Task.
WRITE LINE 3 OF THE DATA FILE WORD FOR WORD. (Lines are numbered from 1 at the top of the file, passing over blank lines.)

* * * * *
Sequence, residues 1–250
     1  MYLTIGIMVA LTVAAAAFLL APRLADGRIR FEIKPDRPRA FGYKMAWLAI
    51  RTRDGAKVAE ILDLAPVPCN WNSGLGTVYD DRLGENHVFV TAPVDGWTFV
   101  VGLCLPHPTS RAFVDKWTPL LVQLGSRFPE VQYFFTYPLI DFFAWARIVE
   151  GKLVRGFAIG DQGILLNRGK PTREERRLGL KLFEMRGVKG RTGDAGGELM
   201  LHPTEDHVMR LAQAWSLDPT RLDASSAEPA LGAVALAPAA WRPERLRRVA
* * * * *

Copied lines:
    51  RTRDGAKVAE ILDLAPVPCN WNSGLGTVYD DRLGENHVFV TAPVDGWTFV